Thomas Tameichi Sakakihara (榊原為一 Sakakihara Tameichi?, 1900–1989), referred to locally as Tommy Sakakihara in person and in print, was a Japanese American politician from Hawaii, interned due to his ancestry during World War II.
Sakakihara joined the Republican Party and first ran for political office in 1926. He was elected to the legislature of the Territory of Hawaii in 1932, and served continuously then on for several terms.
In 1941, Sakakihara was one of six Americans of Japanese ancestry serving in the territorial legislature. After the attack on Pearl Harbor, he was made a deputy sheriff of Hilo, but was later discharged from that position. The intersection of Sakakihara's ancestry and rise to prominence set him up for negative attention from the US Army's Hawaii sub-command. He had earlier been listed on the Plan of Initial Seizure of Orange Nationals drawn up by George S. Patton between 1935 and 1937, among 127 other Japanese American community leaders. Then on February 26, 1942, Sakakihara and roughly thirty other prominent Japanese "enemy aliens or suspected sympathisers" were arrested by the Army. He was held at the Honouliuli Internment Camp until 1943; his release was conditional on a signed pledge not to sue the U.S. government for damages related to the internment.
Unlike fellow legislator and Honouliuli internee Sanji Abe, Sakakihara returned to politics after the end of World War II; he and five other Japanese Americans were elected to the Hawaii territorial House of Representatives for 1947. He was re-elected in 1948, along with fellow Japanese Americans Takao Yamauchi and Joe Itagaki. He also served as one of the vice-presidents of the 1950 Hawaii State Constitutional Convention. He found a strong political base among small sugar-growers. Eventually, his long service and political support earned him a position as chairman of the legislature's Finance Committee. He was also instrumental in getting increased funding for the Hawaii Vocational College (later the Hilo branch of the University of Hawaii). However, he and other Asian American Republicans lost their legislative seats in the Hawaii Democratic Revolution of 1954; Sakakihara himself was accused in a full-page ad in the Hilo Tribune-Herald by the International Longshore and Warehouse Union of taking salary kickbacks from his legislative workers.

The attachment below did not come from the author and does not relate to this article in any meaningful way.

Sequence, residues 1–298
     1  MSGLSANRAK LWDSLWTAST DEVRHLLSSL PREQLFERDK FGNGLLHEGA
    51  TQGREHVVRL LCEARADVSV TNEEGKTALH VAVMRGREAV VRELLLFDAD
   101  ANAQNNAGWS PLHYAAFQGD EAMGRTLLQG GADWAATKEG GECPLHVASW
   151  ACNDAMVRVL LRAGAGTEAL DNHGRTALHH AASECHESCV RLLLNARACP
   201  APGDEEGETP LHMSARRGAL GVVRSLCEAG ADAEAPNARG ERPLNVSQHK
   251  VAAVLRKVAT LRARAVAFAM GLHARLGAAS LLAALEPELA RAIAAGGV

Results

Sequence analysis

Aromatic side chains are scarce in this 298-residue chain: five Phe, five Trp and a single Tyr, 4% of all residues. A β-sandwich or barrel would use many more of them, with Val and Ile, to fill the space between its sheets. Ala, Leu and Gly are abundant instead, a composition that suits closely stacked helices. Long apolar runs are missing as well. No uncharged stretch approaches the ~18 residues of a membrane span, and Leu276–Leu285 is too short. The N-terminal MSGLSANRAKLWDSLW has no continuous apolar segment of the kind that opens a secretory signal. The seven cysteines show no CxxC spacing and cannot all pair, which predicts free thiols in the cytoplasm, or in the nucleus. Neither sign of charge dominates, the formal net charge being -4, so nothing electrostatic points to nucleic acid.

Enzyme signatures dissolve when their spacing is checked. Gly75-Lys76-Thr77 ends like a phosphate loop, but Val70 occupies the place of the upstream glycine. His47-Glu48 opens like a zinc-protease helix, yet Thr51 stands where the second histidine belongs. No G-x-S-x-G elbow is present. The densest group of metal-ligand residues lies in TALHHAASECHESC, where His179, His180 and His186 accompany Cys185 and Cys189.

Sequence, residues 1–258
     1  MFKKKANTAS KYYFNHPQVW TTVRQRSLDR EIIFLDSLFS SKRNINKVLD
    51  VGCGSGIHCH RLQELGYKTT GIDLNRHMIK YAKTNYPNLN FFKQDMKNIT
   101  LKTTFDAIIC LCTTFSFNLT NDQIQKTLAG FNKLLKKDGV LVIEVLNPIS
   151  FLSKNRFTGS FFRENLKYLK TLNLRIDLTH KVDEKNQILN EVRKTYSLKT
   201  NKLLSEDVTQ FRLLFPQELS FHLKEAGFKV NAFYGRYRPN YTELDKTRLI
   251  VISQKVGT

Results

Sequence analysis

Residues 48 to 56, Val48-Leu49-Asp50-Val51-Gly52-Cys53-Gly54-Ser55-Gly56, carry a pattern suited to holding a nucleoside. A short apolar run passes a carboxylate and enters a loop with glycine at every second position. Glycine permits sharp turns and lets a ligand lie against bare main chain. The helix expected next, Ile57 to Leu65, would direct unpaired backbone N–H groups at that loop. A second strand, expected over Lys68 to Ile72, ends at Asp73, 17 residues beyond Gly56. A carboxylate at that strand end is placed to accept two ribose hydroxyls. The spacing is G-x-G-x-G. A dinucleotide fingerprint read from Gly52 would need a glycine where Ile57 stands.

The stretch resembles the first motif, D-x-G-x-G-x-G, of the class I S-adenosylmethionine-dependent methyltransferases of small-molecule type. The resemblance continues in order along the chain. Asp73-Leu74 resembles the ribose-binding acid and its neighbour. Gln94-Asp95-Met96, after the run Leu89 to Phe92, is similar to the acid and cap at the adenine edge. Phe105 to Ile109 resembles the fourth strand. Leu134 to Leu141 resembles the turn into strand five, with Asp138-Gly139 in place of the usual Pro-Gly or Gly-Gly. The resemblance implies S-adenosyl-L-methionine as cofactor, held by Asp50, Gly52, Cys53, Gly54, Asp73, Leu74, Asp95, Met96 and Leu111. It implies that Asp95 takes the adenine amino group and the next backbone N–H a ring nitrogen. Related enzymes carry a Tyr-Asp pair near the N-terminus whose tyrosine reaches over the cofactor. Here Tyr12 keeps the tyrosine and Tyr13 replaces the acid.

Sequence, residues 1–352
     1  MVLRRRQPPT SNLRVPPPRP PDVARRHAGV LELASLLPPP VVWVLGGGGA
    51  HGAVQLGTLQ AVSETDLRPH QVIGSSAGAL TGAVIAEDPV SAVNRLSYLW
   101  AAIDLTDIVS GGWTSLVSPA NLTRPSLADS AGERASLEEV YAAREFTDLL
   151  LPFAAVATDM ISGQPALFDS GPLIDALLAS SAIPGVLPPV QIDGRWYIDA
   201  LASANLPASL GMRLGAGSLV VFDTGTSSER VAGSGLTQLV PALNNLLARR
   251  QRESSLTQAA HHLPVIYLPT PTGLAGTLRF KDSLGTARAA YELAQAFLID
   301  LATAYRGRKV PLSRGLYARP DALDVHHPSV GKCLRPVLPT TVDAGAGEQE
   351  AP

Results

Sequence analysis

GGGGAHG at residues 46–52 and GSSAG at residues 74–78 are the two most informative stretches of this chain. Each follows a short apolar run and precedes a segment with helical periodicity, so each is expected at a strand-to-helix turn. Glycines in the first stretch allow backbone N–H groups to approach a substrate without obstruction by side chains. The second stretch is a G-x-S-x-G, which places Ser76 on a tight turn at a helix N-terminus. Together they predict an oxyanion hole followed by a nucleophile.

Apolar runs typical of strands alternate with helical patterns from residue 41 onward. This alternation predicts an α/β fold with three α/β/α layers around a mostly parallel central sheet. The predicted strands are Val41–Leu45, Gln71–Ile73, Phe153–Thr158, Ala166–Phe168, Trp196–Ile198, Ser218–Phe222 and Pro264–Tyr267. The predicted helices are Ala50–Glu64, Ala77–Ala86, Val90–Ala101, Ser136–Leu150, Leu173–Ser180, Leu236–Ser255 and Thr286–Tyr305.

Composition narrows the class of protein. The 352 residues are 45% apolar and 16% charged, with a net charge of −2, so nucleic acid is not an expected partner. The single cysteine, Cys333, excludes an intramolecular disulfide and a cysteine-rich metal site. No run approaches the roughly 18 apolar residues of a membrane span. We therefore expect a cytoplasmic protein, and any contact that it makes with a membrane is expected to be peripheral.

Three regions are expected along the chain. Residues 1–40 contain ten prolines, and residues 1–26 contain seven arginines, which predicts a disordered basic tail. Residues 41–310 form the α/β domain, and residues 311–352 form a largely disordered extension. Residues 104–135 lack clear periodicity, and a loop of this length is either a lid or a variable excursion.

Personal life and other activities
Sakakihara was born on July 17, 1900 in Hilo, Hawaii to parents Shinzo and Hisa (née Hagihara). He gained familiarity with the law by working in the office of a local lawyer. His law career culminated in 14 years of service as District Judge for the Big Island of Hawaii. On April 15, 1933, he married Aileen Sadako Arizumi, with whom he had two children. Of small stature and build, he affected a dapper image, walking with a cane he admitted he did not actually need. His friends described him as aggressive and feisty. He was said to be fond of Black & White whisky, and served it during his frequent parties at the Young Hotel.
As late as 1970, Sakakihara was listed as a field representative for the office of Senator Hiram Fong. He did not speak out publicly about his internment until February 1976, when the Honolulu Star-Bulletin interviewed a number of former Honouliuli internees for a front-page story about President Gerald Ford's rescindment of Executive Order 9066. He died on February 22, 1989.
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